Where marketing and customer service collide
Every business out there is investing time and money into getting their brand and products in front of their target audience. Stats show that marketers are expected to spend $540 billion (£353 billion) globally on advertising in 2015, with significantly bigger budgets allocated to digital advertising compared to previous years. In addition, the majority of marketers (59%) are using social media for six hours or more each week to promote their brands and engage with their customers and prospects.
When it comes to the web, many businesses are choosing to market their products and services through Facebook and Twitter ad campaigns while others are doing email marketing or PPC or both. While these can all be efficient tools for enticing people to buy, there is one thing that businesses aren’t investing enough in: customer care.
Help, not hype
If you want to outpace your competitor’s monster-marketing budget, you need to invest in the right things, and the most valuable one is excellent customer care. With the rise of social media and online reviews, the most important thing you can do as a brand is to help your customers. You can help by using your knowledge and expertise because you’re an expert in your particular field.
When you do your best to provide your prospects with all the information they need, when you answer their questions and provide the how-tos they need, they’ll remember your name. Next time they need your business or they’re asked for a recommendation from friends or family, they’ll think of you because you’ve been helpful to them in the past.
The basic idea is this: excellent customer service is the equivalent of good marketing. In fact, everything you do to help your customers is marketing. The blog posts, the webinars, the infographics, the genuine helpful tips and advice on social media, they’re all marketing.
Go beyond the minimum
All brands use social media to market their products and services. However, there are some brands that go a step beyond and listen to what their customers are saying about their brand and respond to their questions and comments. Then there are also those brands (not many) that go ten steps beyond the minimum.
Marketer Ann Handley shared a great example of a brand that went beyond the minimum. In her post, Twitter helps me get my lost book back, and what you can learn from it, Ann explains how she lost her book on a JetBlue flight and how she got it back after sending the airline a tweet.
Then she poses a great question:
“Was JetBlue’s rescue of my book customer service… or was it “marketing”? I’d say yes.”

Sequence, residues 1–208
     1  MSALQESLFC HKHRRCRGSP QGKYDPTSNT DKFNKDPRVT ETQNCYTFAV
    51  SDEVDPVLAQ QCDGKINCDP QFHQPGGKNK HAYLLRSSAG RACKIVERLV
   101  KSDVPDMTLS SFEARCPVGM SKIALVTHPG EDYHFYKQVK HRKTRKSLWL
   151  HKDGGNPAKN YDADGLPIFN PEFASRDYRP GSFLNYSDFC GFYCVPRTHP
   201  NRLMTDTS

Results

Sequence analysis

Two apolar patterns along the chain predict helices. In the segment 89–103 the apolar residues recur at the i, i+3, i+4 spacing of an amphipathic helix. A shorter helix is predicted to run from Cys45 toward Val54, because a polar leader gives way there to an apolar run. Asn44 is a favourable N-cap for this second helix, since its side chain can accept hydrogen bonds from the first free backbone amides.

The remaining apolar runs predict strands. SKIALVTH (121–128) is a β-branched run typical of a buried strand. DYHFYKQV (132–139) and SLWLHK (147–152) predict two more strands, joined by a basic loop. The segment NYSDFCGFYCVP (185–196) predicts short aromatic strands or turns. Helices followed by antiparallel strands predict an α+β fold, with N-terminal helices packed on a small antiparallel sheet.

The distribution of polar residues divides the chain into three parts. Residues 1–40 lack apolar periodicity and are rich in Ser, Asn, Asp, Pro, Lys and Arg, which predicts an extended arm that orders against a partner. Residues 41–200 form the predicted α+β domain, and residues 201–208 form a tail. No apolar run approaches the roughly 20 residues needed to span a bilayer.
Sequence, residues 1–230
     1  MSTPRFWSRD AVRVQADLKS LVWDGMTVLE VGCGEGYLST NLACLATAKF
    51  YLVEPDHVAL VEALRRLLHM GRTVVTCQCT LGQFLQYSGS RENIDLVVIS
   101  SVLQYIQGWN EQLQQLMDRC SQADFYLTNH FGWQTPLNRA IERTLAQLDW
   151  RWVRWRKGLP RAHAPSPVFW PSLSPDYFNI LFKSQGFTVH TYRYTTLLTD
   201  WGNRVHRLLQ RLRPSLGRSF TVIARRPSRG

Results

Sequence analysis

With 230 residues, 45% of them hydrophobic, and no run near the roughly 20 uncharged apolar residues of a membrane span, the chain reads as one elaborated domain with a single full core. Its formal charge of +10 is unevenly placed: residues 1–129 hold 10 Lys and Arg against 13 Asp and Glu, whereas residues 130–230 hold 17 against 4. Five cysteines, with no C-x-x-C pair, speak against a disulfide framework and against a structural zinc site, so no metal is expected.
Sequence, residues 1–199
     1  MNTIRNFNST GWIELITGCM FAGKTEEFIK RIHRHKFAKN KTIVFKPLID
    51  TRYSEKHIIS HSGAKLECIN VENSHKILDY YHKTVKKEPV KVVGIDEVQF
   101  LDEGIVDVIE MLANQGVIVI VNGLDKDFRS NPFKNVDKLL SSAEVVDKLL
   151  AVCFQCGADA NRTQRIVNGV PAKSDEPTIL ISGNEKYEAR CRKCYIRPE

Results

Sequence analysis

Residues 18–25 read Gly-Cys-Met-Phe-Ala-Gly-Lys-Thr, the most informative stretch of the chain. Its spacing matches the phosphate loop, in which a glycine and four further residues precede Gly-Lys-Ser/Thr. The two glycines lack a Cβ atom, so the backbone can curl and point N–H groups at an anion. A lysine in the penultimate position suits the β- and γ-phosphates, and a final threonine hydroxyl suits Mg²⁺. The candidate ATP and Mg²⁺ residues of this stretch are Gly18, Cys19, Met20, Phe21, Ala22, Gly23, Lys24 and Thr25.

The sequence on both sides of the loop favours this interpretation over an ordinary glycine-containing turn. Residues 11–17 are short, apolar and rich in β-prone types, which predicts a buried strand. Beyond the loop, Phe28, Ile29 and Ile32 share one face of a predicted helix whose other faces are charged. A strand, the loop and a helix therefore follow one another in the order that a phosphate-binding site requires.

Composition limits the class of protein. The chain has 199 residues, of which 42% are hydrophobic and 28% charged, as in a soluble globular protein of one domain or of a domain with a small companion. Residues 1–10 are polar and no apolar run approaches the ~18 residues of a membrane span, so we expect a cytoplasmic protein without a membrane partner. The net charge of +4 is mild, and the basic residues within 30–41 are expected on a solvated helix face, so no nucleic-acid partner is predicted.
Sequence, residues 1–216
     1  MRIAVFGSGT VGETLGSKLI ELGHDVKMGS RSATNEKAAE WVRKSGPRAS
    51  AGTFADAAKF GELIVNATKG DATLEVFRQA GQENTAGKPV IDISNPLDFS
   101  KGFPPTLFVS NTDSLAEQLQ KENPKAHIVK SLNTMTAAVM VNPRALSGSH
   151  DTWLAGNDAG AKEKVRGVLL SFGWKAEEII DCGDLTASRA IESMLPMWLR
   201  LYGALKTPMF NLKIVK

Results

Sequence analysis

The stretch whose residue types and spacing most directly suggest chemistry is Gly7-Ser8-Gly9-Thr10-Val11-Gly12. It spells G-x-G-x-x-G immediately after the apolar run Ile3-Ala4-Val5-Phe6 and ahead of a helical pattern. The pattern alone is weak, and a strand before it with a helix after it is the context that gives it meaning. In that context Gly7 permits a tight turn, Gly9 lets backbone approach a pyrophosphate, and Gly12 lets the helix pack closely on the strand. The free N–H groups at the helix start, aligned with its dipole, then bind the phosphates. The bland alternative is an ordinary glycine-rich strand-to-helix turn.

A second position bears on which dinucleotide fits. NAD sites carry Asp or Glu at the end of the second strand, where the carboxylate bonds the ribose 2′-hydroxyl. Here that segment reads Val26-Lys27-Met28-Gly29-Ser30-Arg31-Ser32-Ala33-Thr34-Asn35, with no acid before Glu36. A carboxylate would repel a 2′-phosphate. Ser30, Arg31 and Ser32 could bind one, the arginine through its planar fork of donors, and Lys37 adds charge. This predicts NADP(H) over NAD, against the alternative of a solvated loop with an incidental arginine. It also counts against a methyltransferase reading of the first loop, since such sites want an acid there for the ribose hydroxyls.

Here’s another example from @HiltonSuggests, a Twitter account dedicated to helping answer people’s travel questions, no matter where they’re from and whether they’re Hilton customers or not. A quick scroll of their Twitter feed shows that they respond with tips and advice to travellers and even to people with questions that aren’t necessarily related to travel.
— Hilton Suggests (@HiltonSuggests) February 20, 2015
— Hilton Suggests (@HiltonSuggests) January 16, 2015
You might ask: why are they investing time into answering these questions if they’re not always related to their business? The answer is simple: they’re counting on the fact that you’ll be travelling at some point. And that you might think of Hilton when you book your hotel because they’ve been so helpful.
You don’t need to be a popular brand with a big advertising budget to be able to match this level of customer service and reap the benefits. All you need is to set some time aside to monitor people’s questions and comments about your brand and your industry, and a few free tools to make this task less time-consuming.
Here’s what you need to do:
- Monitor mentions of your brand. This allows you to see what people are saying about your brand so you can quickly respond to their feedback, questions and comments.
- Monitor keywords in your niche market. This enables you to be proactive as even though some questions aren’t addressed specifically to you, you can still join the conversation and be helpful with tips and advice. This is your chance to build authority by sharing your knowledge and expertise.
We’ve previously written a post about brand mentions that also includes six excellent tools for monitoring mentions of your brand as well as any other keywords you’re interested in keeping an eye on.
What business owners need to understand is that marketing is no longer about “pushing” your products and services, but about “pulling” people towards you with helpful information and content. The best way to market your brand is to be useful to your community on a consistent basis without the expectation of selling them something immediately.